Orca abandons dead calf after 17-day vigil

Grieving Orca Whale Releases Dead Calf After More Than Two Weeks

Tahlequah was spotted Saturday chasing a school of salmon with her pod mates in the Haro Strait without the dead calf for a half-mile, the Washington-state based Center for Whale Research said.

She carried her deceased baby off the coast of Vancouver Island from July 24th until at least August 9th, when she may have been spotted by whale watchers who told CWR researchers that J35 was not pushing her calf's corpse.

Center for Whale Research founder Ken Balcomb says he is immensely relieved to see J35 returning to typical behavior.

The Center for Whale Research has confirmed that the mother's "tour of grief" is finally over. NPR's Colin Dwyer previously reported that "given the fact that orcas move in matrilineal groups, dependent on mothers and grandmothers", Tahlequah's death would put her adult son and others in danger. She was no long carrying her baby. "And now we can confirm that she definitely has abandoned it".

A killer whale has stopped carrying her dead newborn calf after at least 17 days, during which she covered 1600km, scientists say. Researchers may not get the chance to perform a necropsy.

J35 carried her dead calf for an unprecedented 17 days.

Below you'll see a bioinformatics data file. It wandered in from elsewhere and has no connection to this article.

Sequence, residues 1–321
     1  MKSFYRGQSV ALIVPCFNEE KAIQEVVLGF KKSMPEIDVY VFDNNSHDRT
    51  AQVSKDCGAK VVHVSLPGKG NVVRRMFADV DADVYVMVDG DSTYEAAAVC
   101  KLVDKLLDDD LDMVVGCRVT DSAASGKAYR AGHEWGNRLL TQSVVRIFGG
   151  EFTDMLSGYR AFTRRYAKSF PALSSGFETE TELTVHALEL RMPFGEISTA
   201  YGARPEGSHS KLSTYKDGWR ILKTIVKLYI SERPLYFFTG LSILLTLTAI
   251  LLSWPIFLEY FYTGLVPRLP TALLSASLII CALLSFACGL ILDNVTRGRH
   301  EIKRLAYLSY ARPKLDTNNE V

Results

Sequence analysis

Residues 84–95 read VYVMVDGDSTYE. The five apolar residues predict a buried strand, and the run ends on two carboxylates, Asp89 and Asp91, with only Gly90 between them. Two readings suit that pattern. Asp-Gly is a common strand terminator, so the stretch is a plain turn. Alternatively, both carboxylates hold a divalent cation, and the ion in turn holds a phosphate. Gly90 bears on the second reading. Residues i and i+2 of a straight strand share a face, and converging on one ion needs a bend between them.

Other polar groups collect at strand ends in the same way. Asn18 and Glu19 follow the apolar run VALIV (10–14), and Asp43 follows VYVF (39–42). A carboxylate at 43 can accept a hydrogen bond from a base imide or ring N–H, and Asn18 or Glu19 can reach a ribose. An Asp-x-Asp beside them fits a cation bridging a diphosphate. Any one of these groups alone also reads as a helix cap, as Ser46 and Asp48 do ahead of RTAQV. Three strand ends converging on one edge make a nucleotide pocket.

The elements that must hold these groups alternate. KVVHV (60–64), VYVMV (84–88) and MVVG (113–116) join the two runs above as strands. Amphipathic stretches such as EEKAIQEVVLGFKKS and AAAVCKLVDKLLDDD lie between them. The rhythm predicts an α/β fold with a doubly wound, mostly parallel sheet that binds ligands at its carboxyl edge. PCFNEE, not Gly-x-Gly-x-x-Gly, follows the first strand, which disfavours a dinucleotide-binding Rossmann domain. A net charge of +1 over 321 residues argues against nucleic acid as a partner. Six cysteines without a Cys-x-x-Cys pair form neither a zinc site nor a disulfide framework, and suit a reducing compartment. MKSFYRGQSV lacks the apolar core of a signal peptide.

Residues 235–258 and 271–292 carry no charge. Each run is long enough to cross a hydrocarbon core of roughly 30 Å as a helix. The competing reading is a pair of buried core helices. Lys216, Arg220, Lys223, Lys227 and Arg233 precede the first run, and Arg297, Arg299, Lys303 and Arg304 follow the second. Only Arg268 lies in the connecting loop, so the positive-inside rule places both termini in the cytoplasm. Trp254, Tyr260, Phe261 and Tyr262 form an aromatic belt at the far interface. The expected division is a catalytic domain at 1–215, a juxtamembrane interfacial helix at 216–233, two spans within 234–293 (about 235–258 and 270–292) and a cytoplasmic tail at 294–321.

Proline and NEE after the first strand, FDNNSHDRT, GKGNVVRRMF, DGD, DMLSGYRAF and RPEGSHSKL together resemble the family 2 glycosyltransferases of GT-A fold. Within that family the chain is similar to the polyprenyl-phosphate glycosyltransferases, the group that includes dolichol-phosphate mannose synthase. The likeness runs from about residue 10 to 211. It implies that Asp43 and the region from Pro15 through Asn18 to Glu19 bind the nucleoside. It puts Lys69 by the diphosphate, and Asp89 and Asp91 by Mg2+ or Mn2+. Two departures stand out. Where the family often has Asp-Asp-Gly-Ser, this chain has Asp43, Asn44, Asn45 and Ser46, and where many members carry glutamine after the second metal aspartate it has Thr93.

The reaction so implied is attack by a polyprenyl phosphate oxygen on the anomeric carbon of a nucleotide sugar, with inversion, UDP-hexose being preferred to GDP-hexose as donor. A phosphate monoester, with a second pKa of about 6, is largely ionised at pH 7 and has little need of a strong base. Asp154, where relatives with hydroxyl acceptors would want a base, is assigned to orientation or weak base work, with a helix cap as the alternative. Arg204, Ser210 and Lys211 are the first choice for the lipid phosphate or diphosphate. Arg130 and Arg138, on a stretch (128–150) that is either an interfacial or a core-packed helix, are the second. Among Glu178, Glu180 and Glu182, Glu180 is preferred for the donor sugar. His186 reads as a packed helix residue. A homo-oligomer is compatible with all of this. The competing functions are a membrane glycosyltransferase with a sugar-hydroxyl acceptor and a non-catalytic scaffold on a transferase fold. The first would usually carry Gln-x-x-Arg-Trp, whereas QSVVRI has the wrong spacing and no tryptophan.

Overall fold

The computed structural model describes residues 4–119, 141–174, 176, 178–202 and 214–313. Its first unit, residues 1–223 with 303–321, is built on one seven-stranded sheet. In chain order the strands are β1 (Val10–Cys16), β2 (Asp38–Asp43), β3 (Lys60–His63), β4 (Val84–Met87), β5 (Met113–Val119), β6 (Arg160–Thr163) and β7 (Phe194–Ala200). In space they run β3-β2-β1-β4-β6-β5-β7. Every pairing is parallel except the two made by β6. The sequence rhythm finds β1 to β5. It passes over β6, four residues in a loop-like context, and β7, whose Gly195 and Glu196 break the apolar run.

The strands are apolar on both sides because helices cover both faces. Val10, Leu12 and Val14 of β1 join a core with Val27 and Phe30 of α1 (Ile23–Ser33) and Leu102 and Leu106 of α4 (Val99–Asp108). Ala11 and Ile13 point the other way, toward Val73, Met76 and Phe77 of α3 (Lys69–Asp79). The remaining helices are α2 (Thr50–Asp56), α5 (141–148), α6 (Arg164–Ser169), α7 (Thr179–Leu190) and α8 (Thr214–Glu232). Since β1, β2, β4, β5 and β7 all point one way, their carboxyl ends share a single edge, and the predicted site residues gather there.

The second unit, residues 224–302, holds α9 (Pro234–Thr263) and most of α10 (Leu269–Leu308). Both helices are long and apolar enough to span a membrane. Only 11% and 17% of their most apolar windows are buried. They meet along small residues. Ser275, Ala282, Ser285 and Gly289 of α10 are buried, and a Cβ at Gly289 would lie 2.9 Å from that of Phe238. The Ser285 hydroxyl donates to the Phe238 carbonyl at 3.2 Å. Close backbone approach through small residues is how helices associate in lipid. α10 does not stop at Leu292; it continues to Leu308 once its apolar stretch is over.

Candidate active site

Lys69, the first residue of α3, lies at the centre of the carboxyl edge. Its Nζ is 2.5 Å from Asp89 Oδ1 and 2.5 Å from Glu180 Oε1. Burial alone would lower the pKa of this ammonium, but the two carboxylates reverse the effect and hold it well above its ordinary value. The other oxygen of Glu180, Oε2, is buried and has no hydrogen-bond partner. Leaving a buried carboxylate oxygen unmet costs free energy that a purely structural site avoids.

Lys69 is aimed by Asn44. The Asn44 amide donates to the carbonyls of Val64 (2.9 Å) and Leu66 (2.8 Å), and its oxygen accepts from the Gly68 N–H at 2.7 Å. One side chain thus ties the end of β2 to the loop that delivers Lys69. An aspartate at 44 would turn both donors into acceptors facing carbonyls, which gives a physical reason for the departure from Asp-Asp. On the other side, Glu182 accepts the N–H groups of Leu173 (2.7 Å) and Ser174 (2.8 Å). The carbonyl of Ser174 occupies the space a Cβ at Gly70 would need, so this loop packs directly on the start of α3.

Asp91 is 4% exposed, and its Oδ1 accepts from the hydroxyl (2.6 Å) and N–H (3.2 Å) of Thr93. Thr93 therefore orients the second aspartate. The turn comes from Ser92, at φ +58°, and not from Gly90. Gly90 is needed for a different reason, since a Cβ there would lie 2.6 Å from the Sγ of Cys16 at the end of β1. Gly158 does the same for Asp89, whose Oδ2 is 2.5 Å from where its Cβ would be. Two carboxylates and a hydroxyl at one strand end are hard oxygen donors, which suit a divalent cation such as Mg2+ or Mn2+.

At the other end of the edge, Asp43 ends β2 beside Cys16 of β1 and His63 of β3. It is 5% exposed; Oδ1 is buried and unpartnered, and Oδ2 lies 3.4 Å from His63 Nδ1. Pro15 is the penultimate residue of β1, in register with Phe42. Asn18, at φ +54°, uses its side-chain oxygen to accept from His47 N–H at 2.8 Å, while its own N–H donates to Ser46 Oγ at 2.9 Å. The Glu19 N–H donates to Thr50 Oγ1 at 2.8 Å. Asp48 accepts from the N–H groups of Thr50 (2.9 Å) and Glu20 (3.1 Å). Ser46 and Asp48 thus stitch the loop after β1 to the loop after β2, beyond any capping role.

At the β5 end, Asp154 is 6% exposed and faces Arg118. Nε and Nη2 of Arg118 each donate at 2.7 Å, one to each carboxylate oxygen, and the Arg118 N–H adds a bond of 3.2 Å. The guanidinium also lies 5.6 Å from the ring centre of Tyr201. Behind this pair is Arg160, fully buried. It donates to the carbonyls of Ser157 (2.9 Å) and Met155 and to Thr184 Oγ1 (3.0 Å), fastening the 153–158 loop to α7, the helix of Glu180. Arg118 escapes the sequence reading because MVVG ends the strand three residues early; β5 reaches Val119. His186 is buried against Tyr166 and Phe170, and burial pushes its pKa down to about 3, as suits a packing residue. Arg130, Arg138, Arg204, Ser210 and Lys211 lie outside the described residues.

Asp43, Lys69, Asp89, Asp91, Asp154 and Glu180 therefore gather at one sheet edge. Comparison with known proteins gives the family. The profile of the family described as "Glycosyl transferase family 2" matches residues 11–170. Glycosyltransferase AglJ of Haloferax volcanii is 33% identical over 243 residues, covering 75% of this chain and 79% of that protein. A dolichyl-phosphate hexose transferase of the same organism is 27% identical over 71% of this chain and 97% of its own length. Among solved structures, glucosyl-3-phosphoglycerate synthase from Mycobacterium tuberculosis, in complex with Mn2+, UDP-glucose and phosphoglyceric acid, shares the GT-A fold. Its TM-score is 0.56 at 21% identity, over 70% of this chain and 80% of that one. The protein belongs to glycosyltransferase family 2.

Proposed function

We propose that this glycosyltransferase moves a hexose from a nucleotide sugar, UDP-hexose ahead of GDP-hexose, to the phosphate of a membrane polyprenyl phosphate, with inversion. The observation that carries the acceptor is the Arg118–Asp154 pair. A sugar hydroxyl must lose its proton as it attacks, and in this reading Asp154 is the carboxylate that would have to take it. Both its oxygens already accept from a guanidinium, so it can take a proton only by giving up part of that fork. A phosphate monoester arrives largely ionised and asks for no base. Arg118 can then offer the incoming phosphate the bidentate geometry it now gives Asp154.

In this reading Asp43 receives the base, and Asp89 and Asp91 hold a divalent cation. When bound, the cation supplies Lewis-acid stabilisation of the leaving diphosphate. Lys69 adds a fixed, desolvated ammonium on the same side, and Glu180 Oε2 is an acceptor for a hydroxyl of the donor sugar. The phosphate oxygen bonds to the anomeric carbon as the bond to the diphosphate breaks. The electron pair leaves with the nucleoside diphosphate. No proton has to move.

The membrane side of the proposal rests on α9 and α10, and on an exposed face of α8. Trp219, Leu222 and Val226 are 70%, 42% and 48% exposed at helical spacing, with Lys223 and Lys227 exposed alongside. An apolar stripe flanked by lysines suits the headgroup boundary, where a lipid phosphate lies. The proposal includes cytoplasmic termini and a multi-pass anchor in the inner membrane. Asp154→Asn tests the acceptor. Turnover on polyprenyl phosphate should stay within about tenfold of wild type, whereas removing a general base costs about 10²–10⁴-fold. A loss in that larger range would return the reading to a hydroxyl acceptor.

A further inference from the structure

Digital images of the mother orca taken from the shore show that she is in good physical condition and "her behaviour is remarkably frisky".

Balcomb said he also saw J50 with her mother and brother on Saturday, along with NOAA researchers who were following her to collect prey remains and feces.

Both Canada and the USA list the Southern Resident killer whale as endangered. The cause is no mystery: Humans have netted up the whales' salmon, driven ships through their hunting lanes and polluted their water, to the point that researchers fear Tahlequah's generation may be the last of her family. According to NPR's Dwyer, the population of Southern Resident killer whales has decreased by about a quarter in the past 20 years, largely because their food source, the Chinook salmon, has also seen a dramatic population decline.

This week, the Times wrote, biologists and government officials began working on a plan to save the youngest living member of Talhequah's pod - a 3-year-old orca that appears to be on the brink of starvation.

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